Note: This is an excerpt from my latest book, Drive One Direction: How to Unleash the Accelerating Power of Alignment. In the One Way chapter, we highlight companies who unleashed the accelerating power of alignment with an intense focus on their corporate standards.
Starbucks (NASDAQ: SBUX) has 254,000 employees working in 24,000 retail stores in 70 countries.
Although there are roughly 100,000 permutations of drinks, there is only One Way to make each One.
Coffee has always been my favorite beverage. So, when Starbucks barged on the scene in the early ’90s, I was an early adopter. I have lost count of how many Starbucks I have visited in my life. Countless portions of this book have been written in Starbucks coffee shops around the world.
In the beginning, we all had to learn how to “speak Starbucks.” Does “decaf” come before or after “grande”? Is it “two pump no whip” or “no whip two pump?” What’s the difference between a cappuccino and a Frappuccino®?
Some people never became fluent in Starbucks and are embarrassed to go there.
Most people, however, have developed a basic level of Starbucks ordering competence.
As I am sure you have experienced, they also have a very specific process to ensure that your order is properly communicated to the barista. It is called the “Starbucks® Beverage Calling & Cup Marking System,” and even specifies that a black permanent marker be used to write beverage identification codes on cups.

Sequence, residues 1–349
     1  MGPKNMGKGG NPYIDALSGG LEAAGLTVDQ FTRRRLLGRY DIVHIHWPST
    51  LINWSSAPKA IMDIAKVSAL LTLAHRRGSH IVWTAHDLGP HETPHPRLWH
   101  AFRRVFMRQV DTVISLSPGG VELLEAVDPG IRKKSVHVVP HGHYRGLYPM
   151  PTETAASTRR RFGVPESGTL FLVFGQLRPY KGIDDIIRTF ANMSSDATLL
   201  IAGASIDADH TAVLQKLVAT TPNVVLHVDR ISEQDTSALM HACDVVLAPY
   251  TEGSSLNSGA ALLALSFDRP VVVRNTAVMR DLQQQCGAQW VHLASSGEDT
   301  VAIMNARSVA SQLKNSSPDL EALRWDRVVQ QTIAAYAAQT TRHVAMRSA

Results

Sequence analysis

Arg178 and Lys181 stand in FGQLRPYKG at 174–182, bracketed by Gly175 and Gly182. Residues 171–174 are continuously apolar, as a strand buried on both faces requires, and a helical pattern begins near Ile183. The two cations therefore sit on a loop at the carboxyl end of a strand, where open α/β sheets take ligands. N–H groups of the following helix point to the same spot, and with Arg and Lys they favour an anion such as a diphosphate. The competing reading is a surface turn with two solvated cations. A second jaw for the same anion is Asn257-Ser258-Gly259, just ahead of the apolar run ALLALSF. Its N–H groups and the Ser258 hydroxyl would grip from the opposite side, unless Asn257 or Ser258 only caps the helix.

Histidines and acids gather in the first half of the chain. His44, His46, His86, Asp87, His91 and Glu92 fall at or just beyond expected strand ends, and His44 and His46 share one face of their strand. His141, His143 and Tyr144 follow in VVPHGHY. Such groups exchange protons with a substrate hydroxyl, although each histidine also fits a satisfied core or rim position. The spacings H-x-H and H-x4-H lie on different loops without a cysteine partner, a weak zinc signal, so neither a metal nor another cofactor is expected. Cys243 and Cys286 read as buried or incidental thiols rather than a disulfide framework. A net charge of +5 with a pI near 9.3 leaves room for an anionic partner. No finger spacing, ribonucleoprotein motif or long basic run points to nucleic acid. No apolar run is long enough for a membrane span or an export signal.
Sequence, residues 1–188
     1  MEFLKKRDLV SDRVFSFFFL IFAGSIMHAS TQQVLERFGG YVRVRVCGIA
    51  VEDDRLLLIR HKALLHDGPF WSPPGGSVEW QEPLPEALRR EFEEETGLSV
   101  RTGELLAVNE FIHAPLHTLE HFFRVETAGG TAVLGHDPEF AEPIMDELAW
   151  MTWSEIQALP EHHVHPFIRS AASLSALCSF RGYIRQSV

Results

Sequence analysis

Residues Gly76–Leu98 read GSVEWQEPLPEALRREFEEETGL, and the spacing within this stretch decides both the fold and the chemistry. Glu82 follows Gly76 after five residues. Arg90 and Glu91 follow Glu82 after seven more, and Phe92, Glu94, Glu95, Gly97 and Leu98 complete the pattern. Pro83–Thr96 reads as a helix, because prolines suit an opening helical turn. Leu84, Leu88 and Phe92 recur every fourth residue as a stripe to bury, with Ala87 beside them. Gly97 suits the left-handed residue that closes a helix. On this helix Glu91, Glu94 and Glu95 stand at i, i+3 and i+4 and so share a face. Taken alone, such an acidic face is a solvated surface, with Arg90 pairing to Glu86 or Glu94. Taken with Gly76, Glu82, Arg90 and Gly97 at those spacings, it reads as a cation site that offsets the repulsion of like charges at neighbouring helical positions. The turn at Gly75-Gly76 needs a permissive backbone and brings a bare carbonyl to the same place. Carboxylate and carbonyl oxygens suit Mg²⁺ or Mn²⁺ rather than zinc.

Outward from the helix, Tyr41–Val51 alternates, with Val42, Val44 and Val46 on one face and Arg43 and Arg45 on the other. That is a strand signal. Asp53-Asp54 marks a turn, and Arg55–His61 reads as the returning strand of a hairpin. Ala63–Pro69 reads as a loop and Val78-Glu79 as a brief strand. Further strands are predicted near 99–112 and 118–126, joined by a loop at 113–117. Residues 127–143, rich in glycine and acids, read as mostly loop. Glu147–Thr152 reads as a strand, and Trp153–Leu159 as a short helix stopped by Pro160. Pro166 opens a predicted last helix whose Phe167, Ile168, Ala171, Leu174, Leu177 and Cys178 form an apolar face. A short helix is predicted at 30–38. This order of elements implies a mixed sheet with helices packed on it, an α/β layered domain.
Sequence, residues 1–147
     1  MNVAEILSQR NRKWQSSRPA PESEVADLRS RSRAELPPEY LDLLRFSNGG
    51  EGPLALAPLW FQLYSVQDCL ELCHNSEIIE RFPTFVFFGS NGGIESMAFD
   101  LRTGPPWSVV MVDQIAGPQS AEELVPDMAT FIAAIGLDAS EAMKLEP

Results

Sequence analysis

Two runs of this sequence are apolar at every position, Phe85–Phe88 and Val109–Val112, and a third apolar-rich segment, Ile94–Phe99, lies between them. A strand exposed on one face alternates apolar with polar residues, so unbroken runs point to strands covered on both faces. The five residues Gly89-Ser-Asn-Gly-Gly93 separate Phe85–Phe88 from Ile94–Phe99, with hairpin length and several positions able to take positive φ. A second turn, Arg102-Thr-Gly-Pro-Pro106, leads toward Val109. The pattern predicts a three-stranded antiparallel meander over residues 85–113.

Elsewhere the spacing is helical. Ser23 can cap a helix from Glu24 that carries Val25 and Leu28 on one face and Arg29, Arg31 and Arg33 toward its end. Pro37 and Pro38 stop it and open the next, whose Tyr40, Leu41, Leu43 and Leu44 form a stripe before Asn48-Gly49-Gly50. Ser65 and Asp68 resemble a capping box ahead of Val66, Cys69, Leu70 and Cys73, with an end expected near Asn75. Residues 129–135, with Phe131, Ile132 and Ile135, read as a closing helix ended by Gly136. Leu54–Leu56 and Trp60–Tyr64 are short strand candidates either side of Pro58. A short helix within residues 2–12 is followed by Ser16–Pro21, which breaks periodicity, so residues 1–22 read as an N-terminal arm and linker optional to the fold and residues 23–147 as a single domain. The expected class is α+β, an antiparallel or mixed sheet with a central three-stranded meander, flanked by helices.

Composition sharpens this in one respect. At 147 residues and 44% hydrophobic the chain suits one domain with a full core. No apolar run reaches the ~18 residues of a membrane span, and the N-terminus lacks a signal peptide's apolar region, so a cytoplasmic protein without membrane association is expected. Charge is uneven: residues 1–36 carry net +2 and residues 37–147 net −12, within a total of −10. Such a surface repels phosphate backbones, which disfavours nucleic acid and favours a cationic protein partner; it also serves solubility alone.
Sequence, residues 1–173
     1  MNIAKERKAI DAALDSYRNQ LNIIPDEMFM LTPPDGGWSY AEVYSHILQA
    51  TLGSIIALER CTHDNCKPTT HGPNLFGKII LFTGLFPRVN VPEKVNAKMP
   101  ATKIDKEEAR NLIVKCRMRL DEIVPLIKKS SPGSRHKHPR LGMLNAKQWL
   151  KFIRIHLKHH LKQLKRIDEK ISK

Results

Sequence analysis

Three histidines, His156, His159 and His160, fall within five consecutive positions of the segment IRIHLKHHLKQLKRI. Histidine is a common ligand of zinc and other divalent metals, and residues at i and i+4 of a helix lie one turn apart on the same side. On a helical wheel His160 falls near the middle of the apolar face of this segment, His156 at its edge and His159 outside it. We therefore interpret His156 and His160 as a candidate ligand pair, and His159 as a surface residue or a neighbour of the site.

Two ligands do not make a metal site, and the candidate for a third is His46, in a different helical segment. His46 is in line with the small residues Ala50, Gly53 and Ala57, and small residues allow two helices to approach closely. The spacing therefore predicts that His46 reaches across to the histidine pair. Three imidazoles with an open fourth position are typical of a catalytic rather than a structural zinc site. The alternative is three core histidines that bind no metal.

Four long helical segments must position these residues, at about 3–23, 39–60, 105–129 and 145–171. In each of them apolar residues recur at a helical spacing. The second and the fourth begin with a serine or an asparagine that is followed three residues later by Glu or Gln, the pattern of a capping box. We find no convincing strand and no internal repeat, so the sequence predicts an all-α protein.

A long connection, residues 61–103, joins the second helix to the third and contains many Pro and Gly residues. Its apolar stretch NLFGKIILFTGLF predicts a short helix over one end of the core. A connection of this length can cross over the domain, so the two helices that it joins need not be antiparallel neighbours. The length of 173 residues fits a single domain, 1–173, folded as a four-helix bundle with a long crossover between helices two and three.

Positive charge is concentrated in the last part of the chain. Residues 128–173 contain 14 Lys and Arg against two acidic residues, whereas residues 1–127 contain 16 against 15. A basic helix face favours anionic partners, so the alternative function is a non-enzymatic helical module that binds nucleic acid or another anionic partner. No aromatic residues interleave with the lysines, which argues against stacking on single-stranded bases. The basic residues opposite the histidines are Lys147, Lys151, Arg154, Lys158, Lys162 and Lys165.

And of course, they had to teach all their baristas how to make all those drinks.
My sense is that being a Starbucks barista is a lot harder than most people think. They must memorize the Starbucks beverage manual, which contains the exact specifications for every drink. And these specifications are extremely specific.
Did you know:
- Beverage temperature is between 150oF and 170oF not including Americanos. (Unless you order it extra hot.)
- An espresso shot should be 15–19 seconds for Verismo and 18–23 seconds for La San Marco.
- Blended beverages should be poured into the cup within 10 seconds of blending.
All of this is designed to fulfill The Starbucks Promise: “Your drink should be perfect, every time. If not, let us know and we’ll make it right.”
In order for Starbucks to fulfill their mission and deliver on their brand promise, they had to develop strict corporate standards.
There is only One Way to make a double-tall skim latte—my go-to drink.
Does your company have specific process standards for every product?